The U.S. and European Union settle a 17-year trade dispute involving Boeing and Airbus. Shares of CD Projekt rise on reports that Cyberpunk 2077 is being added back to the PlayStation store. In this episode of MarketFoolery, Fool analyst Yasser El-Shimy analyzes those stories and talks about Vroom, Carvana, and the increasing prices of used cars.

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This video was recorded on June 15, 2021.

Chris Hill: It's Tuesday, June 15th. Welcome to MarketFoolery. I'm Chris Hill. With me today, Yasser El-Shimy. Good to see you, sir.

Yasser El-Shimy: Good to see you, Chris.

Hill: We've got video game news, we've got automotive news. We're going to start in the aerospace industry. The United States and the European Union have resolved a 17-year trade dispute involving Boeing and Airbus. They're suspending tariffs for the next five years. Not surprisingly, on the resolution of the dispute, shares of both Airbus and Boeing up a little bit this morning.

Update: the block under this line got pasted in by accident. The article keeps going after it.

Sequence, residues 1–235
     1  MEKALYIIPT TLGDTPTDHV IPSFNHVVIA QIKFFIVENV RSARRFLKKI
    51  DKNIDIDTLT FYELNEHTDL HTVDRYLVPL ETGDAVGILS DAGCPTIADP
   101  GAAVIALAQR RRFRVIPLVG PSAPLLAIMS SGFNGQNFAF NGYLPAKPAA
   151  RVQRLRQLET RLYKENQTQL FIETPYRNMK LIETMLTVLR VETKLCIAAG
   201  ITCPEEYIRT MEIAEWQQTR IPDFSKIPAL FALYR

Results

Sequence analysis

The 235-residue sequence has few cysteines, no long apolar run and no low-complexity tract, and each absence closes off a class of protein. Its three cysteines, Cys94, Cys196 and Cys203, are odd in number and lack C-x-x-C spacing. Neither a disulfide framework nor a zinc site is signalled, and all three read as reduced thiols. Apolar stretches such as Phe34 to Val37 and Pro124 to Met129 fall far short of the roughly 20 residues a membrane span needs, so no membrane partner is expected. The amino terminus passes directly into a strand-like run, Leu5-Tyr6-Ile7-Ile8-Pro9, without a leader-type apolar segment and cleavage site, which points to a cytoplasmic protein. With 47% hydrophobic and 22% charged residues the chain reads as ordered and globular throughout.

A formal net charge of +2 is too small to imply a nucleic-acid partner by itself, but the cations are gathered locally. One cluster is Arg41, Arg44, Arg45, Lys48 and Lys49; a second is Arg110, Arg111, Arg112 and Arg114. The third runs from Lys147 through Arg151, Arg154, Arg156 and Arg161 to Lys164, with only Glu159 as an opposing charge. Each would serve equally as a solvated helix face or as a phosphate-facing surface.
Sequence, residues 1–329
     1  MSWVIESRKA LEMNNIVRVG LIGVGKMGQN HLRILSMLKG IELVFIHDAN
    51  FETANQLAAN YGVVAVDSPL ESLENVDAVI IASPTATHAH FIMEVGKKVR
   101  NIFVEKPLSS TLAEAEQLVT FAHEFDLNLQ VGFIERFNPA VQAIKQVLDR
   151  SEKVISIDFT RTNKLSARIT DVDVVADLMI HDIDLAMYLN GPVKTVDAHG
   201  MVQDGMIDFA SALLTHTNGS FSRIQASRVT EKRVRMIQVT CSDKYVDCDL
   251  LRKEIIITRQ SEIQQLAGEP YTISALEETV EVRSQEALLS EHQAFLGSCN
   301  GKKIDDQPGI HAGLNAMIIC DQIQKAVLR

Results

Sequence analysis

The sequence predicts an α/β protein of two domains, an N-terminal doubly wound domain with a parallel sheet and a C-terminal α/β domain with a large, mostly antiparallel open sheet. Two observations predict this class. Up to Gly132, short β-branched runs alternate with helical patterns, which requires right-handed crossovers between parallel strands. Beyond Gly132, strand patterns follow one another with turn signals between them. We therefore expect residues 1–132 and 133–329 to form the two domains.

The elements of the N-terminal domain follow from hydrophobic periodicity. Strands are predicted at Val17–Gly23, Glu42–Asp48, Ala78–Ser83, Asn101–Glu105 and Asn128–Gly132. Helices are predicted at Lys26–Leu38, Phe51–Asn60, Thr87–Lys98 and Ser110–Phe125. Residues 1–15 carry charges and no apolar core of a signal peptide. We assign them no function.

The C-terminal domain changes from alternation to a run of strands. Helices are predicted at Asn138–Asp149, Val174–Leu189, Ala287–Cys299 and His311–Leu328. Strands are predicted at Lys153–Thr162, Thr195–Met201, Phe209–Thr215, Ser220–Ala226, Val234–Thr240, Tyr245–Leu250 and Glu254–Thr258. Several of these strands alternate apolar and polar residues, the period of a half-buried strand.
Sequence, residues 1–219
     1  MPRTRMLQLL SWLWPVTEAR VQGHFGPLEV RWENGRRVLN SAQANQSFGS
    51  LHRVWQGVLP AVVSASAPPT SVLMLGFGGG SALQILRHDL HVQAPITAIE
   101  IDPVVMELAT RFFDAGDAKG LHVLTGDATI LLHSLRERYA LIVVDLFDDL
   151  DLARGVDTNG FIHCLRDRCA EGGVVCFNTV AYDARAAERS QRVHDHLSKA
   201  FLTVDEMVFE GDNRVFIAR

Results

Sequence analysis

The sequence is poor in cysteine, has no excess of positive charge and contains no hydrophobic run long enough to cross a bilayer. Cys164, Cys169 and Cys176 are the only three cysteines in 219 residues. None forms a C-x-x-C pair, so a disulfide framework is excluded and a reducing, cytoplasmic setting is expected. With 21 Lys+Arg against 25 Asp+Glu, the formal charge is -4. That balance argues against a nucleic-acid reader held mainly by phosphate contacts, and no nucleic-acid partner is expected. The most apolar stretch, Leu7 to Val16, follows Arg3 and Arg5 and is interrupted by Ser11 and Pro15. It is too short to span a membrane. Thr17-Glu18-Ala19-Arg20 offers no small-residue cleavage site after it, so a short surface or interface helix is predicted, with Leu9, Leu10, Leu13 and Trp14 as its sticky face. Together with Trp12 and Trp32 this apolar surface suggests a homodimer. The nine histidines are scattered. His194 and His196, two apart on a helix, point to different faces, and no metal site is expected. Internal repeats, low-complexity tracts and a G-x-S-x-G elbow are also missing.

El-Shimy: It's a day to cheer for sure for both Airbus and Boeing shareholders. Let me just say that this business after a monopoly is a duopoly and that's exactly what we have here. Airbus has a 45% market share to Boeing's 43%, and so policymakers on both sides of the Atlantic are not actually trying to get more competition in that sector. In fact, both American and European governments have for long showered both companies with subsidies and they've been litigating each other over at the world trade organization. We've seen over the past couple of years, the Trump Administration had imposed duties worth roughly $7.5 billion on European products after the WTO ruled that the E.U. had given unfair subsidies to Airbus, and shortly afterwards the E.U. imposed tariffs about $4 billion dollars on U.S. products. Also on the back of another WTO ruling that the U.S. had given illegal aid to Boeing. But what we're seeing now is that probably, both sides and finally woken up to realize that this cozy duopoly in the plane making industry cannot be taken for granted any longer. We have seen a slew of many plane manufacturers springing up in China, Russia, Japan, Canada, and Brazil over the past decade or so, and I imagine the success of the Commercial Aircrafts Corporation of China, or COMAC, is really weighing on the minds of Western government officials here.